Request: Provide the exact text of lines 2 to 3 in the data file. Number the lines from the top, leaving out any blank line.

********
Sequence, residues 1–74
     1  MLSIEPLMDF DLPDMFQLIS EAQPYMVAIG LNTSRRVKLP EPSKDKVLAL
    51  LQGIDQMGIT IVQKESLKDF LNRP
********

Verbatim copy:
     1  MLSIEPLMDF DLPDMFQLIS EAQPYMVAIG LNTSRRVKLP EPSKDKVLAL
    51  LQGIDQMGIT IVQKESLKDF LNRP